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Meeting the Minimum Security Criteria (MSC) for the CTPAT Risk Assessment

Meeting the Minimum Security Criteria (MSC) for the CTPAT Risk Assessment

Whether you’re new to CTPAT certification or are preparing for validation or recertification, the U.S. Customs and Border Protection’s (CBP) minimum security criteria (MSC) will be imperative to your success. Our three-part blog series covers the first focus area of the MSC, corporate security. For an overview, read our first post. In today’s post, we’re diving into risk assessment and the third post will cover business partners.

Since the CTPAT certification was created to mitigate the threat of terrorist groups and criminal organizations, having a risk assessment that identifies these vulnerabilities is an obvious part of the MSC. Understanding exactly how to document this assessment and mitigate/eliminate necessary risks may not be as obvious to foreign manufacturers seeking CTPAT certification. Veroot is here to support you on your quest to become CTPAT-certified. Our CTPAT consultancy solutions ensure you meet the MSC — so if you’re confused about the requirements of the risk assessment or just need a partner to guide you, we’re here to help.

Criteria One: Conduct and Document a CTPAT Risk Assessment

Multiple steps must be taken to prepare a successful risk assessment. First is a self-assessment of your supply chain practices, procedures, and policies. The purpose is to identify any threats, determine their level of risk, and then put an action plan in place to mitigate them. To document this, you might conduct an internal self-assessment, send security questionnaires to business partners, and conduct facility and management reviews. The goal is to take an objective look at your organization and gain confidence that you’re meeting MSC or, that you’ve identified areas of risk and have plans in motion to improve them.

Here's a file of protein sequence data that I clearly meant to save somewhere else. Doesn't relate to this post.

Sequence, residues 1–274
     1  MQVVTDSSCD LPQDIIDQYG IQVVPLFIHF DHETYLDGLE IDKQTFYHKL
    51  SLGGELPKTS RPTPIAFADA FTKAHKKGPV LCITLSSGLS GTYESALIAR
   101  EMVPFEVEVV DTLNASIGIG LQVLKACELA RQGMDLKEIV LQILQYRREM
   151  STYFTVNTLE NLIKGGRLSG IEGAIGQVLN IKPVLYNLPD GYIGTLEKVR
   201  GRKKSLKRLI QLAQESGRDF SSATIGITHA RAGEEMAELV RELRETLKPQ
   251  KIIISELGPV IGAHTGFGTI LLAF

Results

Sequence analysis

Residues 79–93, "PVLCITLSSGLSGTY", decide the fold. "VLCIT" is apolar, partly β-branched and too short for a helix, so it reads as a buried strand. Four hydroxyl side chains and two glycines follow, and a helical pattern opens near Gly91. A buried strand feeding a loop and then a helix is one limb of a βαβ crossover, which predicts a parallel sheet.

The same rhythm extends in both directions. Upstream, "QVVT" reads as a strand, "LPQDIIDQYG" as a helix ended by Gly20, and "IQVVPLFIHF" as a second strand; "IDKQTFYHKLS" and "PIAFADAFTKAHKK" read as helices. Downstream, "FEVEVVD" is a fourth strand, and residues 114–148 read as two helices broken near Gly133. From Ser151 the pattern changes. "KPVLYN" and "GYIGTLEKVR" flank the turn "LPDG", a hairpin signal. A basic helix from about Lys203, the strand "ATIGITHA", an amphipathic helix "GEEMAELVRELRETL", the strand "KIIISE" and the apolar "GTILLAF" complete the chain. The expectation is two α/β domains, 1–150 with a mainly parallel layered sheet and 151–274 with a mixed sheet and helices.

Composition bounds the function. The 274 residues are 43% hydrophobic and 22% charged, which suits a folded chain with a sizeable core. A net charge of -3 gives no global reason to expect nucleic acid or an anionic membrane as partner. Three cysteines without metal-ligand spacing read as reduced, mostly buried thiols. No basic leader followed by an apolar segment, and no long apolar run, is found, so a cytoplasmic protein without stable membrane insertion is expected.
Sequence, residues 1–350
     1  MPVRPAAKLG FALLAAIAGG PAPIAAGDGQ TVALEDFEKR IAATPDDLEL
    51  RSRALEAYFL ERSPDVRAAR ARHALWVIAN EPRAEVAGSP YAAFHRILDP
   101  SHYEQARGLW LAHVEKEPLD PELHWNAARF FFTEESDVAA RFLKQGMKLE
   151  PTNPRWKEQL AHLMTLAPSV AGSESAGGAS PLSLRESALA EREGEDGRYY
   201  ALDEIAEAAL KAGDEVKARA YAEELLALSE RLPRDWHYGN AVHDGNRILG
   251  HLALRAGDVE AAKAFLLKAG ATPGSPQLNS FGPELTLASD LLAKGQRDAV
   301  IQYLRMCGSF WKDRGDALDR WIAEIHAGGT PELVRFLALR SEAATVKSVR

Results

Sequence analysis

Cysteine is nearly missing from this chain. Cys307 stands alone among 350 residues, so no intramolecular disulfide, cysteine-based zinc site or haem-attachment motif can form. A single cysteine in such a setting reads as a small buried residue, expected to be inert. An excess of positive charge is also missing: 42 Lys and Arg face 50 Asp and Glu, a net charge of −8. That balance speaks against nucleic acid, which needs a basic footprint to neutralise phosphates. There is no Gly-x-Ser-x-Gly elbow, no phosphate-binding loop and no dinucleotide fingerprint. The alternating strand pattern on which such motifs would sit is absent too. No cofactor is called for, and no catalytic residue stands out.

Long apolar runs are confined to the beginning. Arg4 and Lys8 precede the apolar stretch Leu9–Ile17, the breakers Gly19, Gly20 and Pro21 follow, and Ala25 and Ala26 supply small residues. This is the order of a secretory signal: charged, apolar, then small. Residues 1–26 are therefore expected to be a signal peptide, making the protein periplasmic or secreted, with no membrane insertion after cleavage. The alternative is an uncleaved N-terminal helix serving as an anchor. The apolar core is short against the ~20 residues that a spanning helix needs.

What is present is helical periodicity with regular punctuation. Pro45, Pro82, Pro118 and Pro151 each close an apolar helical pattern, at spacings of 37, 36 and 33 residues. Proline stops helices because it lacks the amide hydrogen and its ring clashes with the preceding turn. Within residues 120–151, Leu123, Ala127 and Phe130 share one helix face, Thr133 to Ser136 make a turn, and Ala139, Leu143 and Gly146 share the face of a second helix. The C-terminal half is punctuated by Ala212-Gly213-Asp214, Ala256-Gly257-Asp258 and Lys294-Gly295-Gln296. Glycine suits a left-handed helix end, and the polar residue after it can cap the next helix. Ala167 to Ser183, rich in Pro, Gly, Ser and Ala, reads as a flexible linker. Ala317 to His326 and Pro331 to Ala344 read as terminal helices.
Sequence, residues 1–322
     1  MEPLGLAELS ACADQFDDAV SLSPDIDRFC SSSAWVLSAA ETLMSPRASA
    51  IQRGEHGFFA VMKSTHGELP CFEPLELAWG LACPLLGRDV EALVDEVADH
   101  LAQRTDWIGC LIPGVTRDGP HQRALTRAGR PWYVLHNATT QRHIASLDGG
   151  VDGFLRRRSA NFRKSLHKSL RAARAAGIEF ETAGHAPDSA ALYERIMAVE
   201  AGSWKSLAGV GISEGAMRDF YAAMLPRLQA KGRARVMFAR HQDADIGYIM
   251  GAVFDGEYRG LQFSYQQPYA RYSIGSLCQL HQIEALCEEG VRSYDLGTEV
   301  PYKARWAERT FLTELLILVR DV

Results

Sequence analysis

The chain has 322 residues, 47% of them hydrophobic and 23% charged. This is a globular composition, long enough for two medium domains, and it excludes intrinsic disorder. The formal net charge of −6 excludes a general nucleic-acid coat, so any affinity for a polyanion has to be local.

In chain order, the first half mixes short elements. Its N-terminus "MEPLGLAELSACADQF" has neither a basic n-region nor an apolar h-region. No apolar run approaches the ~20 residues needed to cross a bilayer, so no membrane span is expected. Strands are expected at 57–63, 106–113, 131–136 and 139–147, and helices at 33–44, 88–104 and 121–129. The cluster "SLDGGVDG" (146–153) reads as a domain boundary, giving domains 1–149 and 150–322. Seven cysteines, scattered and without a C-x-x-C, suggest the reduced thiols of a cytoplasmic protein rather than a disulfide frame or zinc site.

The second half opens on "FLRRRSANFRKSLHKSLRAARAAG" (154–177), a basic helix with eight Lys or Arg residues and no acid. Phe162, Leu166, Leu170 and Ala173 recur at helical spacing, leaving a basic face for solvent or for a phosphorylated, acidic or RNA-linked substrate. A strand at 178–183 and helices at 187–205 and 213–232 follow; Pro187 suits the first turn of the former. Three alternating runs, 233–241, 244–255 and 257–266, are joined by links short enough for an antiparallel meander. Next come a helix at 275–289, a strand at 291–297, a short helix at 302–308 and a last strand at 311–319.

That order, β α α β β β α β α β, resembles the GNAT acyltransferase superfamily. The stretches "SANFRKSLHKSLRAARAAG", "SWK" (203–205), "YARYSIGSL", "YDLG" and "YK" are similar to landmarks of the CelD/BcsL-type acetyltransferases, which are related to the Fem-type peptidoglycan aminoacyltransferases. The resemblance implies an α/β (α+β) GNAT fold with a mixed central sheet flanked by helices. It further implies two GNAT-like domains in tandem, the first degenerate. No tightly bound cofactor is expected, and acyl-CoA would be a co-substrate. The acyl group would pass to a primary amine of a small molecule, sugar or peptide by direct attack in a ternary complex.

Criteria Two: Conduct and Document an International Risk Assessment

Threat Assessment

The second part of the risk assessment is the international portion. You’ll need to identify threats that exist within a country or region based on your business model and various roles in your supply chain. This is known as a threat assessment and is meant to identify threats that are outside of your control. Examples include terrorist activity, drug smuggling, hijacking, corruption levels, and human smuggling. When assessing risk, a simple way to label each threat is:

  • Low: No recent activity/intelligence information
  • Medium: No recent incidents/some intelligence/information on possible activity
  • High: Recent incidents and intelligence/information

Once the threats are assessed, you can dedicate more time and resources to the “high” areas of risk to mitigate them.

Cargo Mapping

The international risk assessment also needs to contain cargo mapping, or how your cargo moves from the point of origin to the importer’s distribution center. The mapping needs to include all parties that are involved with moving cargo, whether directly or indirectly. This includes:

  • Factories
  • Shipyards
  • Suppliers
  • Customs brokers
  • Non-vessel-operated common carriers